Moreover, central to Lean Startup methodology is the concept of validated learning, a strategy used to assess progress. Entrepreneurs can use it to determine whether they are building the right product and can continuously adapt their plans as needed rather than waiting for a beta release to make critical decisions.
Josh Gibson earned an MD from the Columbia University Vagelos College of Physicians and Surgeons and now serves as an executive coach and consultant in San Francisco, California. To assist entrepreneurs, Josh Gibson implements the lean start-up system.
An entrepreneurial methodology, a lean start-up strives to expedite the business inception process and eliminate the uncertainty that plagues many new businesses by seeking and implementing consumer feedback throughout the development process. This differs substantially from the traditional method of starting a company, in which the entrepreneur authors a business plan and develops a product with minimal external input.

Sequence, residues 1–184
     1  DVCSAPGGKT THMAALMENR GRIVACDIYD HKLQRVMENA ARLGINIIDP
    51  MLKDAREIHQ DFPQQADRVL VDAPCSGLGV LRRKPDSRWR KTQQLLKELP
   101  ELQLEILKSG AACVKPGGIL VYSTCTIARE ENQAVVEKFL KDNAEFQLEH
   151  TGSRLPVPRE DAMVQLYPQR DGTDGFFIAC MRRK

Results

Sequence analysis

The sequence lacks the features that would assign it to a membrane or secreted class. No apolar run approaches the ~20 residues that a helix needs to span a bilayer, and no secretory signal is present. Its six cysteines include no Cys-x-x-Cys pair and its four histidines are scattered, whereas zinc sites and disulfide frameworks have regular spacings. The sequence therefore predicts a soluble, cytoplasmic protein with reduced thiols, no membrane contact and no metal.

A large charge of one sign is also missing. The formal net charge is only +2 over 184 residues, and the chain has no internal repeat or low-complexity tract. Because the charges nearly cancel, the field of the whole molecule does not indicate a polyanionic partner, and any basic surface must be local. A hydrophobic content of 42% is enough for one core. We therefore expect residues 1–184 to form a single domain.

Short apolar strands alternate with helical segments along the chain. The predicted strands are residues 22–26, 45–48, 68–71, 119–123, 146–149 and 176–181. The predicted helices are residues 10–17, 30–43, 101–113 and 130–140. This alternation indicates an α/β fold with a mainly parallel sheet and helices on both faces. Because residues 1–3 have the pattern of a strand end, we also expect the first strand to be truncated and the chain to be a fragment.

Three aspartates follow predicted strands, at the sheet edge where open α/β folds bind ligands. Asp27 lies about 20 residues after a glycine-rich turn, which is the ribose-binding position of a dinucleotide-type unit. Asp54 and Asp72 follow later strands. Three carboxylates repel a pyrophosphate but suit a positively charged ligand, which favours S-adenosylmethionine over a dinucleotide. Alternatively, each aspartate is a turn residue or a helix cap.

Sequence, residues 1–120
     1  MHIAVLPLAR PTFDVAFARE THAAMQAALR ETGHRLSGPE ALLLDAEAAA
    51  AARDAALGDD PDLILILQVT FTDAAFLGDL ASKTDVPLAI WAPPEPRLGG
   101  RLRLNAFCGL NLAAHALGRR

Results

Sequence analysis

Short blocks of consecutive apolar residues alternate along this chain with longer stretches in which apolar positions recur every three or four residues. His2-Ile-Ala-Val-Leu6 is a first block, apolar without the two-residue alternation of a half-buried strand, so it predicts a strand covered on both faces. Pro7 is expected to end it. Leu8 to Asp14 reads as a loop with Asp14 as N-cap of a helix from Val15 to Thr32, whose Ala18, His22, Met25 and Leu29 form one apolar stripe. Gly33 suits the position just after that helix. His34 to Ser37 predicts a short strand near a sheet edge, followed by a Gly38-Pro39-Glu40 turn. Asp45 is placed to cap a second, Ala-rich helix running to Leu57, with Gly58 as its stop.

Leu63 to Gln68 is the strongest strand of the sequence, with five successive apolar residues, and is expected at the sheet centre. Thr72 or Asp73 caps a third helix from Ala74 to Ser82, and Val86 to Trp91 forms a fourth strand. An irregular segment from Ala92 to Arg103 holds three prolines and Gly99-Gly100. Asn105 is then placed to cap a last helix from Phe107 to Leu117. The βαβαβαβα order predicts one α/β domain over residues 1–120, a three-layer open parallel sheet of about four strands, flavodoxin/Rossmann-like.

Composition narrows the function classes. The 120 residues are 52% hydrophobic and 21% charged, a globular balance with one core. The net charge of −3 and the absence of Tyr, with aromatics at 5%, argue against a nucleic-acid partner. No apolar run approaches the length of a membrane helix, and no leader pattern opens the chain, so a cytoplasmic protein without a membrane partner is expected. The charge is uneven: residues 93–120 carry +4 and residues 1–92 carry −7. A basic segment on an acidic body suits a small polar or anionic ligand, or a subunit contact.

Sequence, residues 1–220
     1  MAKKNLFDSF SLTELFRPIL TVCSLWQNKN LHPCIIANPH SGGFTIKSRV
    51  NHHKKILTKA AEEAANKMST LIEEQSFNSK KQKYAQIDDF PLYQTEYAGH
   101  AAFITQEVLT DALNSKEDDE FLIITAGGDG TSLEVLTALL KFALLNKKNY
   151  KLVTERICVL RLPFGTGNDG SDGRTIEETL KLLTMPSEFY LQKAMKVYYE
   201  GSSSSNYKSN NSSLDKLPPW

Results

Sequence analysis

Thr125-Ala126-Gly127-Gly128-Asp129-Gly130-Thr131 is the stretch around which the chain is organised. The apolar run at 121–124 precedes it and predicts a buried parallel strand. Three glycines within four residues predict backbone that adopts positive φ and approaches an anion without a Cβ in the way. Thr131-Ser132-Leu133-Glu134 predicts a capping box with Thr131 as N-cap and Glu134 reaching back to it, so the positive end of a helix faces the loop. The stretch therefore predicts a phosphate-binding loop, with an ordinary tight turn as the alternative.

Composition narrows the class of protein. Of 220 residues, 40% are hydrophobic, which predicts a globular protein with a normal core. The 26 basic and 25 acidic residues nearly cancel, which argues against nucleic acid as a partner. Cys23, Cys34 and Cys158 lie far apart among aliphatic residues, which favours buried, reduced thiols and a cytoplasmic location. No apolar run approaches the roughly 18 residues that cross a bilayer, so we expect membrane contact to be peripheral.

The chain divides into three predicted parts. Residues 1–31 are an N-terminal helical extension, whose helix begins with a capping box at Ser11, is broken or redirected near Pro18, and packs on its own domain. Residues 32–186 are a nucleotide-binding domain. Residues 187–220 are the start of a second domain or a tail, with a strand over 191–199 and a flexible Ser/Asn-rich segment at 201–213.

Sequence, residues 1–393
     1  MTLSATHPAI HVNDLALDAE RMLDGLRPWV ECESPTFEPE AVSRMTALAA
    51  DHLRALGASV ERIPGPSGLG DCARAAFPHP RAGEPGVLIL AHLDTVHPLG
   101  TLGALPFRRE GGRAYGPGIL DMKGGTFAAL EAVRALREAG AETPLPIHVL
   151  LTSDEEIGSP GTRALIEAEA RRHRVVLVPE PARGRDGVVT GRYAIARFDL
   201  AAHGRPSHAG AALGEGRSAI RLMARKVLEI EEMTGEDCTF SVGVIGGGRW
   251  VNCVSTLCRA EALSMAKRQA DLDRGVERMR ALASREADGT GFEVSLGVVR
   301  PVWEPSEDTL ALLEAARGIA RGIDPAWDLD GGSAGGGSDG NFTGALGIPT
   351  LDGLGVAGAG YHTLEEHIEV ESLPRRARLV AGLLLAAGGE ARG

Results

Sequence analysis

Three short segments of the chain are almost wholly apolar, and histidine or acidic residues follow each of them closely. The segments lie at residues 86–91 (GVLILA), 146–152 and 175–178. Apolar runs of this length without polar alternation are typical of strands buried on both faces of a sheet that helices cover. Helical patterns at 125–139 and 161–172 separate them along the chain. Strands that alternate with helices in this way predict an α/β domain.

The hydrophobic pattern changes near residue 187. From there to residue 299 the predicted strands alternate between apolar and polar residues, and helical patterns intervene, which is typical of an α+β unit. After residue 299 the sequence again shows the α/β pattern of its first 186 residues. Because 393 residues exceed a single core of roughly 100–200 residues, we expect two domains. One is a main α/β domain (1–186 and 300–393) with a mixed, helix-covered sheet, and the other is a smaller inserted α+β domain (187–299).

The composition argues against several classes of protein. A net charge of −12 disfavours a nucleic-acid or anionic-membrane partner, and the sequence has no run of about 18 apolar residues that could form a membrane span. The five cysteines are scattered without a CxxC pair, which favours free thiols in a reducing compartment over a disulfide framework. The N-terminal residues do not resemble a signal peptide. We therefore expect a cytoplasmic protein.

Because the typical business plan involves so many unknowns, it often falls apart when the company reaches out to its first customers. When the company’s entire trajectory is based on this plan, recovery from the initial roadblock can be challenging.
A lean start-up company seeks to avoid such difficulties by integrating development with consumer feedback. The company develops the project in small, rapidly executed stages and presents each stage to potential customers, who also weigh in on marketing, distributing, and pricing. The start-up can then adjust the product and the business plan according to the feedback, so that when the company goes to market, it is ready as can be.